The proposed rule attempts to identify how old an overpayment is subject to the reporting and repayment requirement. It appears to be written to coincide with the FCA statute of limitations:

Lookback period. An overpayment must be reported and returned in accordance with § 401.305 only if a person identifies the overpayment within 10 years of the date the overpayment was received.

In summary, overpayments identified within ten years of receipt must be repaid. The corollary of this is that, once a mechanism that could cause overpayments is identified, the provider is obligated to look back ten years to identify those overpayments and to report and repay them. Anything less would constitute a knowing violation of the FCA through willful ignorance or reckless disregard of the truth. Examples of such mechanism include identification of a long-standing referral relationship in violation of Stark or the Anti-Kickback statutes, or a longstanding computer billing error.

On its face, this would appear to coincide with the FCA’s statute of limitations, consistently defining the period of risk for a provider to ten years. However, based upon how FERA and the PPACA amended the Act, it may actually be twenty years.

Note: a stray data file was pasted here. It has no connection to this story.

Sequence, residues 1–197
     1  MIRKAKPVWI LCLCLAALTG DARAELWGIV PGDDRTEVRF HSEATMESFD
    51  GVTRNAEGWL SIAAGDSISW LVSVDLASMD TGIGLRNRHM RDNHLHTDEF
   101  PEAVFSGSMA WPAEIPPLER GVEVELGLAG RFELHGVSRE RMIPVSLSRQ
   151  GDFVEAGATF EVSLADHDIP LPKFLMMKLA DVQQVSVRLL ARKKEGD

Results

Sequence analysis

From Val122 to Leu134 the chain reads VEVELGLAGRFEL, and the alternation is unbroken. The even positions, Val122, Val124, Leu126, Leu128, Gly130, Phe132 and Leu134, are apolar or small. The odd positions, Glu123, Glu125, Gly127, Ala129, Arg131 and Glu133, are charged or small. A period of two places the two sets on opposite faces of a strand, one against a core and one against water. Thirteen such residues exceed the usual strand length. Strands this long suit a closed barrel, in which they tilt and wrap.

An overpayment exists immediately upon receipt. However, it is not a False Claim until (a) it is identified, and (b) it is not reported and repaid within sixty days. The Act is only violated with the expiration of that sixty day time period. Therefore, the six to ten year statute of limitations of the FCA begins to run at the end of the sixty day period, not from the date of the overpayment. This is best explained with examples (in both examples the claim was billed subsequent to the effective dates of FERA and the PPACA, to avoid any discussions of ex post facto laws):

Example 1

  • January 1, 2011 – a Medicare provider erroneously, but unintentionally bills the government.
  • February 1, 2011 – the provider recieves payment for the claim.
  • February 2, 2021 – the provider identifies the overpayment

Under the proposed rule, ten years have expired and there is no duty to report or repay the error.

Example 2

  •  January 1, 2011 – a Medicare provider erroneously, but unintentionally bills the government.
  • February 1, 2011 – the provider recieves payment for the claim.